"Slowly, Slowly, Slowly Said the Sloth" Eric Carle Lesson Plan
written by: Donna Cosmato
• edited by: Trent Lorcher
• updated: 5/2/2014
Why does the sloth move so slowly? Use this Eric Carle book to teach your students about rain forest animals like the sloth. This can be a stand-alone lesson or used to supplement a unit on South America.
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Lesson Overview and Objectives
"Slowly, Slowly, Slowly Said the Sloth" can be a great book to teach young learners how to relax and accep others. This lesson can be used as is or combined with other lessons in a unit on rain forests or South America.
This lesson is for third grade students and takes about 45 minutes to complete. The objectives for the students are:
Learning it is okay to be different.
Practicing the value of slowing down and enjoying life.
Celebrating individual uniqueness.
Learning about the importance of saving rainforests.
Identifying and understanding animals of South America.
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Vocabulary Recognition and Development
When kids work with words on a word wall, they see the word, hear the word, and link the visual learning with the auditory experience. Try these words for your classroom word wall:
Slow – the opposite of fast
Quiet – absence of activity
Boring – not interesting
Lackadaisical – lacking spirit
Dawdle – moving slowly
Dillydally – taking one’s time
Unflappable – slow to become excited
Languid – lacking enthusiasm
Stoic – one who shows no emotion
Impressive - magnificent
Sluggard – lazy
Lethargic – lacking energy
Placid - undisturbed
Calm – still or peaceful
Mellow - relaxed
Slothful – one who does not want to work
Relaxed – in a state of resting
Tranquil - placid
Lazy – slow moving
Slowly – taking one’s time
Prepare the words by printing each word on a strip of paper or index cards. Self-sticking address labels are an easy way of creating word wall strips for vocabulary exercises.
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Lesson Plan Teaching Method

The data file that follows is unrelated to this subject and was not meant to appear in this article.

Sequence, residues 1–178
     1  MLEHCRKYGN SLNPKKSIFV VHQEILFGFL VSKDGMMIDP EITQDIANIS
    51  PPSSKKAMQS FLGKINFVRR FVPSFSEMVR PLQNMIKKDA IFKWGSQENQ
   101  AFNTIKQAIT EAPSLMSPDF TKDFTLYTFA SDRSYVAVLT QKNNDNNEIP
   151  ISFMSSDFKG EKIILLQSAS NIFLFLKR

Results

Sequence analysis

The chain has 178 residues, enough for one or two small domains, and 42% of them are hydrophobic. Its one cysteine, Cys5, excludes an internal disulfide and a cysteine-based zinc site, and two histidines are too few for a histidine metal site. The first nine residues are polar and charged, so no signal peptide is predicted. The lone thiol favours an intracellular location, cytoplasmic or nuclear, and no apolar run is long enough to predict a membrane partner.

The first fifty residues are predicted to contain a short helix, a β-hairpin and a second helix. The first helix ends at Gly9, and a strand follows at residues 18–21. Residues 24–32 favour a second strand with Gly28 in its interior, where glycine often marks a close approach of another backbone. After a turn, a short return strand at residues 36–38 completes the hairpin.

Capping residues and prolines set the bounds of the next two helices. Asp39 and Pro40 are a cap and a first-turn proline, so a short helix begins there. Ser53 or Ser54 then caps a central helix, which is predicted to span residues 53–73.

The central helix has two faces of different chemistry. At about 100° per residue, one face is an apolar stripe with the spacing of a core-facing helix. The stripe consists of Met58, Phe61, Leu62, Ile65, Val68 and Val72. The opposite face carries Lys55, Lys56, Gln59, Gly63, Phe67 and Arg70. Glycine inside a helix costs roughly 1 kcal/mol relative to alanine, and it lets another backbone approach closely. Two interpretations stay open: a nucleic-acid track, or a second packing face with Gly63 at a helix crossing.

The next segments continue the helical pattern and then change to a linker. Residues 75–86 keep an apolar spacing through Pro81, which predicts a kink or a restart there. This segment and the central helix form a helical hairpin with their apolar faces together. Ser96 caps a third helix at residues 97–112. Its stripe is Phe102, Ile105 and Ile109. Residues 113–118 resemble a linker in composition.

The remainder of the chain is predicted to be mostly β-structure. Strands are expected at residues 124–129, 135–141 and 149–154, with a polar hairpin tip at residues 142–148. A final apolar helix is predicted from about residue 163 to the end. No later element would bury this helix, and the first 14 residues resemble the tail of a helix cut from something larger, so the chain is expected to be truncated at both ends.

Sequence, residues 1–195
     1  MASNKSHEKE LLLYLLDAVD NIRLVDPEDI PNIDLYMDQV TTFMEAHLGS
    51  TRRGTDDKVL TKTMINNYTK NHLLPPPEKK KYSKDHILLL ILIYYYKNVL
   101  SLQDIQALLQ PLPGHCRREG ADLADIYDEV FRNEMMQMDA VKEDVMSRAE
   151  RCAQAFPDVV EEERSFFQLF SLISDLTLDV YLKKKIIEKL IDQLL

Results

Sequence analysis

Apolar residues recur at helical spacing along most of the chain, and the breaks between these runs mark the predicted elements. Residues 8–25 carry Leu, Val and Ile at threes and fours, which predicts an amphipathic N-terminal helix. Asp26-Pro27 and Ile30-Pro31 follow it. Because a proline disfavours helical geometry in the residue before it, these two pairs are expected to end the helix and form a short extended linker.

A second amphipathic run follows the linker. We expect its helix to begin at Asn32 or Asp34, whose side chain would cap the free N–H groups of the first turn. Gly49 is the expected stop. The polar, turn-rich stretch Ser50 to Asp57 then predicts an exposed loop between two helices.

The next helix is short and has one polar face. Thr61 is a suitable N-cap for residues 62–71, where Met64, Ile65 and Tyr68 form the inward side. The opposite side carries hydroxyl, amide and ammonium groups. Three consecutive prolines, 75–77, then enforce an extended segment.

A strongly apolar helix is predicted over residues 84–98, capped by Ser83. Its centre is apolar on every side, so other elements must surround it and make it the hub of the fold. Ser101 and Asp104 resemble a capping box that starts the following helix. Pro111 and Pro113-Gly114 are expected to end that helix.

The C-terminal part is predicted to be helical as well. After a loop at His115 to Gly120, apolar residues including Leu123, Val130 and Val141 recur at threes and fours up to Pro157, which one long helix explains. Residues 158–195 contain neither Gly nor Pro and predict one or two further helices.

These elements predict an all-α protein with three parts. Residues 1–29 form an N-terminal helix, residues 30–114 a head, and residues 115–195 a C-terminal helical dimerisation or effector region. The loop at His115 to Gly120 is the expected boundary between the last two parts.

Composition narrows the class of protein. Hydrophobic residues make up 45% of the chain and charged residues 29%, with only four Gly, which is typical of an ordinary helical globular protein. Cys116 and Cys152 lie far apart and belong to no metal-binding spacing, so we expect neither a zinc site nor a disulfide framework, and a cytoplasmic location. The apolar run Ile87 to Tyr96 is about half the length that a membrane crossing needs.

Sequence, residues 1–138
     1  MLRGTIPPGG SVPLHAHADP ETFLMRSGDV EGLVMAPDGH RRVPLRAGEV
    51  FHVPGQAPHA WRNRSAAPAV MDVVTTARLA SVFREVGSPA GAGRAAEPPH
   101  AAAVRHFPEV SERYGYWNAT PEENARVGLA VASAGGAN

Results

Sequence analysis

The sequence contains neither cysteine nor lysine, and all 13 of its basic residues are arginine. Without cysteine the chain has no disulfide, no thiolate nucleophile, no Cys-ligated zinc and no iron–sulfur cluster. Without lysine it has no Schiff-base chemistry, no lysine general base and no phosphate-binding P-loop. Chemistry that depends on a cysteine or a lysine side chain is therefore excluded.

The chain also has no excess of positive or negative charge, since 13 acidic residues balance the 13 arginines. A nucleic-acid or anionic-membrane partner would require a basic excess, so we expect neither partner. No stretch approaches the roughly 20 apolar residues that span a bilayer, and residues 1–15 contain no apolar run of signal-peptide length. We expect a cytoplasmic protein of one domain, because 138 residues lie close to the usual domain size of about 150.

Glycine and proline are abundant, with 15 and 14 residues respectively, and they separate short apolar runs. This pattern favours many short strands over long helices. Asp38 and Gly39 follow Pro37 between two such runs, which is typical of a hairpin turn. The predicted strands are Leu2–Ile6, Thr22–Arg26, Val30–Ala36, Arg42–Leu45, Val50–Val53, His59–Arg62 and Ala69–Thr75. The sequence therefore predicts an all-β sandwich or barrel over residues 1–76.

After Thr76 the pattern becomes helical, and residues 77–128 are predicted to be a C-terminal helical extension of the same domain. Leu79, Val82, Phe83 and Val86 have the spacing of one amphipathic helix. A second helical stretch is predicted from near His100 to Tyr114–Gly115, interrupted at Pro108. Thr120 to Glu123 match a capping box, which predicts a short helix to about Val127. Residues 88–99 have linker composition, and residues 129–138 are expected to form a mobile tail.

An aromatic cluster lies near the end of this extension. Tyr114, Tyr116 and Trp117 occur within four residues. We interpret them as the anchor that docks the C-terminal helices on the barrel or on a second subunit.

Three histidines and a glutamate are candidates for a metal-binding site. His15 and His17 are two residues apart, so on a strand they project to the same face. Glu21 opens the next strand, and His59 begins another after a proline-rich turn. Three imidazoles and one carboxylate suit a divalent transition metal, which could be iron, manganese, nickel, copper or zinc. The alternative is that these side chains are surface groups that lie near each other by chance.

Hold the book so the cover can be clearly seen. Children associate words with meanings, so point to the title and pronounce the words. You can also point to other words while reading to provide visual cues for the class.
Try these discussion questions, either during the story or afterward, to assess comprehension. Some questions, like the ones about saving the rain forest or why the sloth did not want to play lead naturally into discussions about preserving natural resources and accepting others.
What kinds of animals are found in the rain forest?
What do you know about the rain forest?
What does slothful mean?
Why is it important to save the rain forest?
How can we help preserve the rain forest?
Why does the sloth refuse to run and play with the other animals?
The sloth does not answer when the other animals talk to him – why not?
Name some things people do slowly.
Where did the sloth sleep and how did he sleep?
How do you sleep?
How many of you would like to sleep in a tree?
Where could you see a sloth?
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To conclude the lesson, work with the children as a group practicing saying and defining the vocabulary words. Let children take turns placing words on the word wall.This lesson can be extended with other activities like using pictures of various rain forest animals as visual aids to reinforce the learning concepts of the book.
This lesson plan can help students examine social issues like diversity and environmental responsibility. Literacy skills are encouraged and supported with vocabulary exercises. Children learn the importance of taking life easy.